Venus is not a hospitable place for humans. The planet is covered in thick, billowing sulfuric acid clouds, underneath which temperatures reach nearly a thousand degrees Fahrenheit. If you were unfortunate enough to stand on Venus' volcano-spotted surface, you would feel 100 times more pressure than you would standing on the surface of our own planet, in large part due to its atmosphere.
Naturally, NASA scientists have a lot of questions. A team of them recently announced Project HAVOC, which stands for “High Altitude Venus Operational Concept.” The project details how a 30-day, manned mission to Venus might go down.
And while the operation is purely speculative — much of the necessary technology doesn’t exist yet — it marks the first serious plan for how people might explore our nearest planetary neighbor.
Even though this announcement arrived alongside news that NASA’s goals don’t match what the American public wants NASA to be doing (the White House scrapped climate research for more moon missions, the public wants the opposite), no one around here is complaining about this proposal. Because it's an undeniably-cool sci-fi vision come to (theoretical) life.
In order to study Venus and search for signs that the planet may have once had a more hospitable climate and, perhaps, even water, the NASA engineers envision a gigantic, floating research colony. The research station would hover about 50 kilometers (30 miles or so) above the acidic clouds, in an area of the atmosphere that stays at a cooler temperature.
The proposed plan is more than a little risky (someone should get on those movie rights ASAP). After reaching the planet, the manned shuttle would attach to a separate rocket that contains the deflated, folded research station. As it plummets towards the surface, the station would deploy a parachute, unfold itself, fill with tanks of helium sent for the ride, and then (hopefully) stay afloat at a non-lethal altitude.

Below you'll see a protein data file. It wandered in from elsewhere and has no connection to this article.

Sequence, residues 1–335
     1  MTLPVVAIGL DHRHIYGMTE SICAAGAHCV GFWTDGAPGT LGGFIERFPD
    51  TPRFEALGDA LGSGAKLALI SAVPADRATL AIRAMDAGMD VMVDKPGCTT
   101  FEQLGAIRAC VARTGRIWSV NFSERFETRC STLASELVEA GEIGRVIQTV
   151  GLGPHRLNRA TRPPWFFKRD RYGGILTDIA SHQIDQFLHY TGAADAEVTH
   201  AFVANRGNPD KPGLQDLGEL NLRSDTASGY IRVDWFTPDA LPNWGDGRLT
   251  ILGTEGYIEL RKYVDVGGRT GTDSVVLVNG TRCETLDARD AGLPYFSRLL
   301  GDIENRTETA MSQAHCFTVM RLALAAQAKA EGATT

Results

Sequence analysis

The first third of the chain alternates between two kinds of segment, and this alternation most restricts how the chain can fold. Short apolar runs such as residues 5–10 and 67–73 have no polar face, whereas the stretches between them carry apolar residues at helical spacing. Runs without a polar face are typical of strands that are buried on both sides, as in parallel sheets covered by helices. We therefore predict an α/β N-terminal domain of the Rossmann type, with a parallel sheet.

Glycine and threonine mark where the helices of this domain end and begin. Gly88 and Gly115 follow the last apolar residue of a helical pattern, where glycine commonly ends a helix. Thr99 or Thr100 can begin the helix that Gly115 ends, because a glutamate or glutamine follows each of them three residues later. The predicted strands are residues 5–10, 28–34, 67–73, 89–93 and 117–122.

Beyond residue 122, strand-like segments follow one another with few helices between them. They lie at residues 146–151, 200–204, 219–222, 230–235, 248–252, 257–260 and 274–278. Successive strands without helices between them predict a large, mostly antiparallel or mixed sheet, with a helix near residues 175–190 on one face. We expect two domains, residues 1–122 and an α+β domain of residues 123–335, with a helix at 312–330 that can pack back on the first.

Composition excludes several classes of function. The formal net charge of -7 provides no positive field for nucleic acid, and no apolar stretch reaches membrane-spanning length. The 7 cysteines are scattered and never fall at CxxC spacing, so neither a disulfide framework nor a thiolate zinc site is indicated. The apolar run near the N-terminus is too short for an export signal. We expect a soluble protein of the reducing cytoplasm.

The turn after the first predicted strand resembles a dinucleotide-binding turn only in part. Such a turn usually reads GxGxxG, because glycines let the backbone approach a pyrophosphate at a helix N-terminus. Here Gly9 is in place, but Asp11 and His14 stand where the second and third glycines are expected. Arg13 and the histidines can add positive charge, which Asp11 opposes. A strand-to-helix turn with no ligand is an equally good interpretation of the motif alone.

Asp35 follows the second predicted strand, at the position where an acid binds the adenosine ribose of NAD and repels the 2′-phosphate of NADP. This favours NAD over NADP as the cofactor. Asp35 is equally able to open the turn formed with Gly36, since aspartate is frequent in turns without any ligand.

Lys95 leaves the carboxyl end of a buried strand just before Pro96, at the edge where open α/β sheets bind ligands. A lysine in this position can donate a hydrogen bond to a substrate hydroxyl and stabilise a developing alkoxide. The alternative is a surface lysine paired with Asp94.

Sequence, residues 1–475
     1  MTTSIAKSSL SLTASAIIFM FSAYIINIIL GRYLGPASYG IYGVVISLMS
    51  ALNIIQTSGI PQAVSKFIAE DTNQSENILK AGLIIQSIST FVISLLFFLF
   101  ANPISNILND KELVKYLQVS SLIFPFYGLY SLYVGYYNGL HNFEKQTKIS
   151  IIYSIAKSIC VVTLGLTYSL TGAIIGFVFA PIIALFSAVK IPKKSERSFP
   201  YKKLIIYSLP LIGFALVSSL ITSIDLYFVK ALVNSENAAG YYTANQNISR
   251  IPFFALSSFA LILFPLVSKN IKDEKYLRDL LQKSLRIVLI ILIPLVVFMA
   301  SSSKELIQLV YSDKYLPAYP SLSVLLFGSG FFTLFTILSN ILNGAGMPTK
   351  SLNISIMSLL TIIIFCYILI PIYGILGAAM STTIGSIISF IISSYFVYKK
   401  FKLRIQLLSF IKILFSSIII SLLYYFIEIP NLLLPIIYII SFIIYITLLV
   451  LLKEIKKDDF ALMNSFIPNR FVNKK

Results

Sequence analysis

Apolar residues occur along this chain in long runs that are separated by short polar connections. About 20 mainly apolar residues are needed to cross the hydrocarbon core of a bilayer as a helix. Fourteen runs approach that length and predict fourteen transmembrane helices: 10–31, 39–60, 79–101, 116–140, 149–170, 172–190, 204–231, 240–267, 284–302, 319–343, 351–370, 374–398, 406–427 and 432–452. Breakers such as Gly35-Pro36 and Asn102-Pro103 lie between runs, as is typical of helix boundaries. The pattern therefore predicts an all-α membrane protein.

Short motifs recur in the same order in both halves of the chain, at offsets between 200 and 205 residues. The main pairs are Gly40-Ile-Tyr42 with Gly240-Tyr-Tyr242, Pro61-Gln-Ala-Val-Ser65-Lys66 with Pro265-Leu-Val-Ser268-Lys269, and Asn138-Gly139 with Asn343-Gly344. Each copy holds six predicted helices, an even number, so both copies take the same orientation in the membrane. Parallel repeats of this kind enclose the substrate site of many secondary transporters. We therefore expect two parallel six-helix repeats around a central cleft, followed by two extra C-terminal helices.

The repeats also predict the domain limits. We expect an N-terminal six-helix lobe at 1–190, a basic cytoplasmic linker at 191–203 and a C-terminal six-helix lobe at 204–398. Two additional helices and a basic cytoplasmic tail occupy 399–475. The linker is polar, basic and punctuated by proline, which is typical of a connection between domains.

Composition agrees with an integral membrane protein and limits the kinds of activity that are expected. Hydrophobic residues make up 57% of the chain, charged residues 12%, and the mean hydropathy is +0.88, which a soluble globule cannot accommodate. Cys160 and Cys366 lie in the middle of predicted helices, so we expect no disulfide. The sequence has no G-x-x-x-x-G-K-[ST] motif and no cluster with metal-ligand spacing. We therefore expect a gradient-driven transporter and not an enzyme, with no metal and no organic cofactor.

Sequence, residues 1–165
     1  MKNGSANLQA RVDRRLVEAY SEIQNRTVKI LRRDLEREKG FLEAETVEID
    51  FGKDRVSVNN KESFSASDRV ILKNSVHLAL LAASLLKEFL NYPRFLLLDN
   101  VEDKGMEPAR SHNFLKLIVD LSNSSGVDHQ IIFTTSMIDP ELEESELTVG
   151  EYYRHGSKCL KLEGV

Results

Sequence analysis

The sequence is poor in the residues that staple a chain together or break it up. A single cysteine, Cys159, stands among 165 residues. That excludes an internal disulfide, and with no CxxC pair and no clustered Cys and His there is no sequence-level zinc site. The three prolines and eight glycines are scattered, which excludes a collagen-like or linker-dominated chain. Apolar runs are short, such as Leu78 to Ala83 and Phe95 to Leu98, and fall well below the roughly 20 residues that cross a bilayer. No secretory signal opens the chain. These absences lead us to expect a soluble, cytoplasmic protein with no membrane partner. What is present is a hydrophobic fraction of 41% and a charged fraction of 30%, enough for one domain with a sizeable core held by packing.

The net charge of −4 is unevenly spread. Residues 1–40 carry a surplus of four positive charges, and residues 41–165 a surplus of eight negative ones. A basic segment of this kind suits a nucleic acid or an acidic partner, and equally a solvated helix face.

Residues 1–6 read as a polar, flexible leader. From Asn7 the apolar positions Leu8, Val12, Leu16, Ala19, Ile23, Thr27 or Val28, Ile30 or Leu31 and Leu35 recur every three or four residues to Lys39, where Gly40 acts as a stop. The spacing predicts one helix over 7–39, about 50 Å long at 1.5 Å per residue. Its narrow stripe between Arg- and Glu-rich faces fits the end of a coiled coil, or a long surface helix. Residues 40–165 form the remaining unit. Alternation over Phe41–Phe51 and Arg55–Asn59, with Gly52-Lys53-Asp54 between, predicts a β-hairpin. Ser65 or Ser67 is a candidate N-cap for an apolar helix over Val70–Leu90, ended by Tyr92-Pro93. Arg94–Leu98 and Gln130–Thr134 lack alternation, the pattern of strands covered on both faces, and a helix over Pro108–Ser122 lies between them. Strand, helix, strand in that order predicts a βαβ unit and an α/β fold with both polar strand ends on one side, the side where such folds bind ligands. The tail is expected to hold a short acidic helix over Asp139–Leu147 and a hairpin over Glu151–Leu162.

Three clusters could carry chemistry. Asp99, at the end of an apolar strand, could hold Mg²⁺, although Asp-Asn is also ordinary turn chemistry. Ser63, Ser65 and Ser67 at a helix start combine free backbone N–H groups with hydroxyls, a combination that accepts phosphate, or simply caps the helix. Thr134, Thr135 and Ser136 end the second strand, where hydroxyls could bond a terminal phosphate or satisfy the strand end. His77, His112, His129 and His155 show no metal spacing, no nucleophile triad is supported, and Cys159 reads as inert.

After a month of research from the strategic position above the clouds, the crew’s shuttle would have to detach from the research station, rocket back into orbit, and rejoin the orbiting spacecraft that would take it back to Earth.
All in all, the trip would take less time than a manned mission to Mars, since Venus is much closer to Earth.
But if it all sounds pretty ambitious to you, well, you're not alone. While NASA still hasn’t developed the technology necessary to complete such a mission and, you know, keep the astronauts from dying, the agency feels that the tech we do have is good enough for similar, smaller-scale robotic missions that could begin to scan Venus for signs that our planetary neighbor used to sustain life.
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